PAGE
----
I was introduced to flameworked glass, in 2004, when I first meet Mook of Mook’s Glass.
After seeing his glass, I insisted he give me a lesson. Apparently, I had a sparkle in my eye so he hesitantly accepted. After some introductory lessons on Cortes Island, I was ready to focus my eyes on the new world of blown glass. I was 18 years old at the time. After finding some used glassblowing gear on Craig’s List, I set up in a small trailer at my dad’s place on Quadra Island. That was the start of Gibson’s Glassworks, which is now a well-recognized name in the Canadian Glass industry.
Since my initial introduction, I have been committed to developing my glass eye and understanding the complex, magical medium of glass. Developing my ‘glass eye’ enables me to see the glass in a whole new realm. Growing up, I was taught to ‘make something people use every day’ and to ‘learn a trade.’ Glassblowing has enabled me to do both of these things.
Glassblowing is a broad term and a medium devised of many different types of glass. Borosilicate, specifically, is the type of glass I have specialized in over the years. You may know it as Pyrex, which is the brand name, and appears in common household items like your lasagna tray or measuring cups. The process I use to create my work is called lampworking or flameworking, referring to the early days when it was done using the flame of an oil burning lamp.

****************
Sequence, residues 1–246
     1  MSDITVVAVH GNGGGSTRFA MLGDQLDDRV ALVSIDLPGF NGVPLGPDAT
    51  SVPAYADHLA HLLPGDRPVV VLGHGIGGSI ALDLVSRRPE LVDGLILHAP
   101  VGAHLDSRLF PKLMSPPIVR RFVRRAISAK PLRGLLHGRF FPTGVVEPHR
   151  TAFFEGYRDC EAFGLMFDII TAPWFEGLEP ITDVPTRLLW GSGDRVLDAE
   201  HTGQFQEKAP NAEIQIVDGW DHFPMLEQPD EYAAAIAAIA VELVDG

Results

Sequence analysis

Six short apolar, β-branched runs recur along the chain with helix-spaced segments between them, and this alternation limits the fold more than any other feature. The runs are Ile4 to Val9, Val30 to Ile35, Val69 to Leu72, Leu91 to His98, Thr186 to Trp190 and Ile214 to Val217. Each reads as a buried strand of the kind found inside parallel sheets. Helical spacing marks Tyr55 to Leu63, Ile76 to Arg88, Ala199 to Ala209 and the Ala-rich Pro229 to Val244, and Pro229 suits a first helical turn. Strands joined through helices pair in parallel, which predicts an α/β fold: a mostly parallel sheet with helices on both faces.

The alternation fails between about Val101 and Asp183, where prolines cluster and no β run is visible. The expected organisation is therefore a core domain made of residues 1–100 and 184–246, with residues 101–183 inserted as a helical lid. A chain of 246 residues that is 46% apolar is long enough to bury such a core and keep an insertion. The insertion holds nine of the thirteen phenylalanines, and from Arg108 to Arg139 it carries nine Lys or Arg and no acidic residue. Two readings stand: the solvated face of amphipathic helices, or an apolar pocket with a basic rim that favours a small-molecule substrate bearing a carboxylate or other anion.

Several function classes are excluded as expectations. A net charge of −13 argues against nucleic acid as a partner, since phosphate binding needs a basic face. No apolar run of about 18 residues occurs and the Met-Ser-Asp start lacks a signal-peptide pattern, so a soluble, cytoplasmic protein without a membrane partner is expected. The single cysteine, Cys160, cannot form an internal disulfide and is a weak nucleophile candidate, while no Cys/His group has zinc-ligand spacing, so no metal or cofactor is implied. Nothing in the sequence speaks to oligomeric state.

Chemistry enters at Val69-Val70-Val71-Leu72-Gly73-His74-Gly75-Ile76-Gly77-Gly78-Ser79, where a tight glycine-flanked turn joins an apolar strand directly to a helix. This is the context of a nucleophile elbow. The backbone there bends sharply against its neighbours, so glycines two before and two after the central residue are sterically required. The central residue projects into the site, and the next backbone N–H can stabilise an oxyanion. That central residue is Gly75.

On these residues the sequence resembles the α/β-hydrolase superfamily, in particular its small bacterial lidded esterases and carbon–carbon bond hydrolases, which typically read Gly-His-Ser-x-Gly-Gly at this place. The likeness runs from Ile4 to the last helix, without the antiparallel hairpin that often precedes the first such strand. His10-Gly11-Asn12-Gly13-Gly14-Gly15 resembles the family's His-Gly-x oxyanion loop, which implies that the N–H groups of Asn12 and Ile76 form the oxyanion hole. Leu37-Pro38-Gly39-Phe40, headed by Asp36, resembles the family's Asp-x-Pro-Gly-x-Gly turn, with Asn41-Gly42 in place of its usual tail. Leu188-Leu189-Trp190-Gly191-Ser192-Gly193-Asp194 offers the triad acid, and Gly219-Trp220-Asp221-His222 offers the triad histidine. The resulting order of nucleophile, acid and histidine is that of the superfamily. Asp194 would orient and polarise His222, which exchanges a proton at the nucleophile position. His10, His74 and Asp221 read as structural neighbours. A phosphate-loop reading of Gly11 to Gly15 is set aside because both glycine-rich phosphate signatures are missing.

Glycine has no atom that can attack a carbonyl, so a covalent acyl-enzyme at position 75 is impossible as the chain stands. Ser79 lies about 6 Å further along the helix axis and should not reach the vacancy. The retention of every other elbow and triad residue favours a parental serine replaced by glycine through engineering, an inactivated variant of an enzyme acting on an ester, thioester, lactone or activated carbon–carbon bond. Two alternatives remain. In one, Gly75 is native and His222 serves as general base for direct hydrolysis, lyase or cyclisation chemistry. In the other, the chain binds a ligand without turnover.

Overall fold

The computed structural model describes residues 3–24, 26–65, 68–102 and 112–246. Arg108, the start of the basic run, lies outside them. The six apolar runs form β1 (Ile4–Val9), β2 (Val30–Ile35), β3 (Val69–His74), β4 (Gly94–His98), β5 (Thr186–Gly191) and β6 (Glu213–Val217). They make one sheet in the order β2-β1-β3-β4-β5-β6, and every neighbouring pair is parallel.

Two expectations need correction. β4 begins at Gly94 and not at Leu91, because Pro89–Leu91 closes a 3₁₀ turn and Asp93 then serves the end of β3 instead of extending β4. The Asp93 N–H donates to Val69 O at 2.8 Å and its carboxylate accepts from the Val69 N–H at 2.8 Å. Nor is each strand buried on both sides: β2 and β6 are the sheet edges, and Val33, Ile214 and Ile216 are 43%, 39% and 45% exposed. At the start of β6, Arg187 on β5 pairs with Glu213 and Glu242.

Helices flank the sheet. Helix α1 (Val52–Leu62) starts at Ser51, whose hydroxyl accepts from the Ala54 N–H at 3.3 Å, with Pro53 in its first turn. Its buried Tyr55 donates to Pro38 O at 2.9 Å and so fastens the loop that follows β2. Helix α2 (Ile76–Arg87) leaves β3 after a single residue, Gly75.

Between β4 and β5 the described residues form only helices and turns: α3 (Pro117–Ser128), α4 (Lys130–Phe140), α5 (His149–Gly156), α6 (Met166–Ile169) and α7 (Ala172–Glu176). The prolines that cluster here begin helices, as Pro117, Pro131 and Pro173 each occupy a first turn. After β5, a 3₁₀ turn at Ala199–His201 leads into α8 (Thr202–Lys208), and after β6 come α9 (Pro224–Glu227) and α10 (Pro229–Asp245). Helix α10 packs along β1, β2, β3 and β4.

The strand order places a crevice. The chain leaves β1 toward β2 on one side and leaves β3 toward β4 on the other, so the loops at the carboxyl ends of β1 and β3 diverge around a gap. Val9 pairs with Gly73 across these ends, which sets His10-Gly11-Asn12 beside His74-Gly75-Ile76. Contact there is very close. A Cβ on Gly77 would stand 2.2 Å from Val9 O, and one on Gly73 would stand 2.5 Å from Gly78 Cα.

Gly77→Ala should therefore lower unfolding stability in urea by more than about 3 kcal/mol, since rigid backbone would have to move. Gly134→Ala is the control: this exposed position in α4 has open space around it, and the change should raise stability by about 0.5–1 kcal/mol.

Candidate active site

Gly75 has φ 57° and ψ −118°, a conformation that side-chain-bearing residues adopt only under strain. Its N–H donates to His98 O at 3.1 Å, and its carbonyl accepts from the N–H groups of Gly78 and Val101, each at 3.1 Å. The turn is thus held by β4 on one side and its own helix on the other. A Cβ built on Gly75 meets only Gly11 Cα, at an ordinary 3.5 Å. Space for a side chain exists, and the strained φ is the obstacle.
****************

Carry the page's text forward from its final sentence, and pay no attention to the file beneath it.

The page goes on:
I have been teaching classes for several years now. With growing demand, I have expanded my teaching capacities, currently focusing on single or two person classes. This way, people watch and learn hands on. First, with demos from me, then getting a chance to feel the molten glass in the flame themselves. As gravity takes over, you instantly become aware of the difficulty and develop more respect for those who make blowing glass look so easy. I have also been fortunate enough to take my classes overseas, setting-up a glass blowing torch and teaching locals in a small village in Jamaica.
Before the legalization of marijuana, shops were being raided and shut down. Businesses were uncertain whether or not they would survive. Sending glass on a front and waiting for a check in the mail was standard business practice, but, after constantly getting ripped off, things needed to change. That meant no more fronts and orders needed to be paid in full before shipping. So, I made a catalog. Since high school, I had always been online and figured this would be the new way. Boy, was that the truth. Online sales have now dominated my business, with a vast majority coming through Instagram alone.
Developing my glass eye has taken me all over the globe and has allowed me to meet so many amazing people and develop life-long friendships. Building product lines that are original and unique, while also recognizable, has been a constant goal of mine and it is so rewarding to make something that will not only outlive me but will bring a person much joy.
To schedule a class or check out Gibson’s newest work visit instagram @gibsonsglassworks, www.gibsonsglassworks.com, or email email@example.com